Artist: Jan Garbarek, Miroslav Vitous, Peter Eerskine
Album: Star
Year: 1991
Label: ECM
Runtime: 42:23

Tracks:
1.  Star (Jan Garbarek) 6:15
2.  Jumper (Miroslav Vitous) 4:21
3.  Lamenting (Miroslav Vitous) 6:08
4.  Anthem (Peter Erskine) 6:16
5.  Roses for You (Miroslav Vitous) 5:39
6.  Clouds in the Mountain (Miroslav Vitous) 4:38
7.  Snowman (Jan Garbarek/Miroslav Vitous/Peter Erskine) 5:21
8.  The music of my People (Peter Erskine) 3:41

Personnel:
Jan Garbarek (Soprano Saxophone, Tenor Saxophone)
Miroslav Vitous (Double Bass)
Peter Erskine (Drums)

Sunday, April 16, 2017

Renaud Garcia-Fons - Entremundo

Bassist Renaud Garcia-Fons' set of originals mixes together Western classical music with world music and the improvising of jazz. The resulting performances are both soothing and stimulating, with Garcia-Fons' bowed bass being quite virtuosic and expressive; his feature on "Aqâ Jân" is very impressive. The many percussion instruments add an exotic element to the music (the core trio is comprised of bass, guitar, and drums) and the leader's strong melodies are full of variety and rich themes. Despite the lack of name recognition in the U.S., this is a special release with plenty of mood variations, unexpected moments, and logical development. Entremundo grows in interest with each listen and is well worth exploring. - by Scott Yanow, AMG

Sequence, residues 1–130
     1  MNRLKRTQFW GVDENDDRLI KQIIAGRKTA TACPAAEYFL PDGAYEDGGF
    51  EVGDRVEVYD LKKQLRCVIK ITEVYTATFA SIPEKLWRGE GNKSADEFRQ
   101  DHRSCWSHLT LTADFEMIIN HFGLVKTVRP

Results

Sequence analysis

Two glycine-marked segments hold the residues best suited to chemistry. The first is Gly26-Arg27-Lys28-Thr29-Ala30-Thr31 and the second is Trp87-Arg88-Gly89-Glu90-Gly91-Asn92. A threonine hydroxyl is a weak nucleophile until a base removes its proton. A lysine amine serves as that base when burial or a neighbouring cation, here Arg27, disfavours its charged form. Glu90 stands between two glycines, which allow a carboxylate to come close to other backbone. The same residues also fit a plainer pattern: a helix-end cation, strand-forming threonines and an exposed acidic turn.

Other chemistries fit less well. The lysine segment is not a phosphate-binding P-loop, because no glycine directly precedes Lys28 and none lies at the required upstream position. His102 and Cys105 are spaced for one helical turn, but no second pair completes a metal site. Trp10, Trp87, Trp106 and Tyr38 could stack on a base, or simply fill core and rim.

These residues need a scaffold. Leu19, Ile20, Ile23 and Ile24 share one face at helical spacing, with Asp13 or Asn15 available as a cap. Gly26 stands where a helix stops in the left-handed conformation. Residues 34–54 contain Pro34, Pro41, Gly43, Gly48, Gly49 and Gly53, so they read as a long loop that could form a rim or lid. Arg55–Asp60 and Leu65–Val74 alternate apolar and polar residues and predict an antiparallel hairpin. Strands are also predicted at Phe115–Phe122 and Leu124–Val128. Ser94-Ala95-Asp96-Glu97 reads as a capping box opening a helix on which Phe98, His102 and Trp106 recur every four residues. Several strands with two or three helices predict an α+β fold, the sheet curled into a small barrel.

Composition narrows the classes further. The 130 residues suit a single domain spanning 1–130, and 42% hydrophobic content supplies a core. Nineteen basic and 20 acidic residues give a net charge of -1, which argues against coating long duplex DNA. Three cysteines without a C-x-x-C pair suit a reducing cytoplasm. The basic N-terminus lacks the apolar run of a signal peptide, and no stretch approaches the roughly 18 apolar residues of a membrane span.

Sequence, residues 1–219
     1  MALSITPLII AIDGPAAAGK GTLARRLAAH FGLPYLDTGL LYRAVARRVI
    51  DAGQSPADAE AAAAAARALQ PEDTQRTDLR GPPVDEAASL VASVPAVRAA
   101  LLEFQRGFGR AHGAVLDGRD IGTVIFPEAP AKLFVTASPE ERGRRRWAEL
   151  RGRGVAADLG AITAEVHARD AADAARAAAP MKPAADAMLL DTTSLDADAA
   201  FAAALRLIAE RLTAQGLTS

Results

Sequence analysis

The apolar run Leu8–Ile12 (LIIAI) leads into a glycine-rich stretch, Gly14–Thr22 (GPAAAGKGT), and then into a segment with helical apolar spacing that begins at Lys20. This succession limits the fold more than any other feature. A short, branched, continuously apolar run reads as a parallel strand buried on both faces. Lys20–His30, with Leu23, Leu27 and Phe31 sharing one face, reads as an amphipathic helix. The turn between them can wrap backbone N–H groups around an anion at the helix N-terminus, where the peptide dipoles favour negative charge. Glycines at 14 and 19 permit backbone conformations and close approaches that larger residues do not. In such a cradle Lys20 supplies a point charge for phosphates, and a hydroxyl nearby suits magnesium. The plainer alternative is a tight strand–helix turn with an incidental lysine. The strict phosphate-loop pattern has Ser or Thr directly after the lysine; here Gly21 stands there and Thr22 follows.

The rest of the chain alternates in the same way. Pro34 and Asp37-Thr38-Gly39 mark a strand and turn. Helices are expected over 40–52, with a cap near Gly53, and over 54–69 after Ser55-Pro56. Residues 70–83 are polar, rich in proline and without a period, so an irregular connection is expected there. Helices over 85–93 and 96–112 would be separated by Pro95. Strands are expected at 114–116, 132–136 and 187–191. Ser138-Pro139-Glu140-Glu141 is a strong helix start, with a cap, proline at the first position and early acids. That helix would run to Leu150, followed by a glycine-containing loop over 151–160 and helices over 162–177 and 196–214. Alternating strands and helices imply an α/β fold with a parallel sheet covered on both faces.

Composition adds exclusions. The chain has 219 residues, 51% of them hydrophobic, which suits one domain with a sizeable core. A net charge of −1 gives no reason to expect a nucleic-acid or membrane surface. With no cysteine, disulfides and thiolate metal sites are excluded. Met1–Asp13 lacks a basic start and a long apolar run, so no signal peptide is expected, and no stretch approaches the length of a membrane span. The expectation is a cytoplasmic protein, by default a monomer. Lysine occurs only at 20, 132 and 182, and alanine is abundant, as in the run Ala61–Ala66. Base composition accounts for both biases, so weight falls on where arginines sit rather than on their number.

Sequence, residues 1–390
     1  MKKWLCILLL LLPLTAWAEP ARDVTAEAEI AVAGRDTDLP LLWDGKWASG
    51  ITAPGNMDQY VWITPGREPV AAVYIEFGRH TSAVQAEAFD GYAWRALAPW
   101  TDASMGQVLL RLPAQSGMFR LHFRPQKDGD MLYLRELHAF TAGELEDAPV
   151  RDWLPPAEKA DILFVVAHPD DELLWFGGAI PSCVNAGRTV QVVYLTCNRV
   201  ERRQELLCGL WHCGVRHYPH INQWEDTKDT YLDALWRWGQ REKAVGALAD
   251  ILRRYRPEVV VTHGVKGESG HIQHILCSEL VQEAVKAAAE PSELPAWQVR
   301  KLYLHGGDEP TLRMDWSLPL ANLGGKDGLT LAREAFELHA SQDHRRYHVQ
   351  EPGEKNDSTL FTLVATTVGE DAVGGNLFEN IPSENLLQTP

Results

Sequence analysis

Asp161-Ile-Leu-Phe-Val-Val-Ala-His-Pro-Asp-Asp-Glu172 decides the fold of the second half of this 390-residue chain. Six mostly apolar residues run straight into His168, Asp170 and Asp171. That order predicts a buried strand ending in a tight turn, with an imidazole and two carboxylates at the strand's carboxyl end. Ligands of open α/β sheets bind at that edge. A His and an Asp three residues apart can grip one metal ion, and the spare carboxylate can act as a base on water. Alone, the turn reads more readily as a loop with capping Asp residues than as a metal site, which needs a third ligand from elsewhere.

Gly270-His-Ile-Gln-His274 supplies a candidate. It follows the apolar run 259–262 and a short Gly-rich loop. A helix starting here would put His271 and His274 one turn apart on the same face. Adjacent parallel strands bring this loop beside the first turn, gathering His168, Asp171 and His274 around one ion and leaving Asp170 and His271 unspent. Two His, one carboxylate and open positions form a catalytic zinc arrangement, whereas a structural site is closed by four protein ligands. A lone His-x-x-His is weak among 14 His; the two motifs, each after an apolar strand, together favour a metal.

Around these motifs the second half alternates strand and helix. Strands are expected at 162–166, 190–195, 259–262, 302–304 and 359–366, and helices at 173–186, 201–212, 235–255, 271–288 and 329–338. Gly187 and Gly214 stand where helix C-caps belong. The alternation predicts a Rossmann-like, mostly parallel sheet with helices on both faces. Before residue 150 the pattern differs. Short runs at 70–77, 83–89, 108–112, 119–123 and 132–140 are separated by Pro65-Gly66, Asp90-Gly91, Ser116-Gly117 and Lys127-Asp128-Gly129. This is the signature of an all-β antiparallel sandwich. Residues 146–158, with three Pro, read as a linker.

Some records are instantly captivating, with an ambience that immediately draws the listener in. Others require more attention, revealing layers of reward with each successive listen. The best records do both. Bassist Renaud Garcia-Fons has managed with his latest disc, Entremundo , to create one of those rare recordings whose first spin compels the listener to play it again and again, revealing richer substance each time. That Garcia-Fons has been called "the Paganini of the double bass" is no surprise. One listen to the closing piece, the solo "Aqâ Jân," and the breadth of his capabilities is clearly evident. With his five-string double-bass giving him access to the range of a cello in addition to the deeper resonance of the traditional instrument, Garcia-Fons' virtuosity is remarkable. From percussive pizzicato to sweeping arco, his ability to coax distinct and unusual sonorities from his instrument is uncanny. And while Garcia-Fons' technical skill is evident from the first note of "Sueno Vivo," which opens the album, he is equally matched by his trio mates, percussionist Jorge "Negrito" Trasante and flamenco guitarist Antonio Ruiz "Kiko." Yet, for all their formidable abilities, Entremundo is never about needless pyrotechnical demonstration. From the light and airy folk sound of "Cristobal" to the lush classical leanings of the title track, Garcia-Fons and his trio, supplemented by a variety of musical guests on various tracks, are never less than lyrical and transcend being mere players. ntremundo means "Between Worlds," and while the majority of the record has a strong flamenco flavour that will appeal to fans of, for example, Strunz and Farah, it's distinguished by a breadth of world view. There are elements of Middle Eastern harmonies, Oriental lines and Latin American rhythms amidst the Andalusian themes of "40 Dias," the brief and dark "Doust," and "Sarebân," which blends in an Indian-inflected theme. Garcia-Fons states that the intention of the record is to be celebratory, and there is, to be sure, a vivacious joy to be found throughout. Passion runs wild, with Garcia-Fons leading the way with his vibrant and emotive playing. Few bassists straddle the line between being a supporting rhythm section instrument and a leading voice as well as Garcia-Fons. Regardless of where he is placing his priority, the augmented trio shuffles responsibilities seamlessly and effortlessly. This is strongly groove-centric music that moves the body as well as the heart. Another characteristic of exceptional records is to make one forget about the individual contributions and experience the music as a transcendent whole. While the admirable skill of all involved makes this sometimes difficult, at the end of the day the album succeeds as an incredibly broad cross-fusion of ethnic influences from around the globe. Entremundo succeeds in making music that draws a coherent link between various musical worlds and, consequently, lives up to its name by fusing the music of a diversity of cultures with an improvisational verve and, in the final analysis, a pure and unadulterated joy in making evocative and provocative music. - by John Kelman, AllAboutJazz.com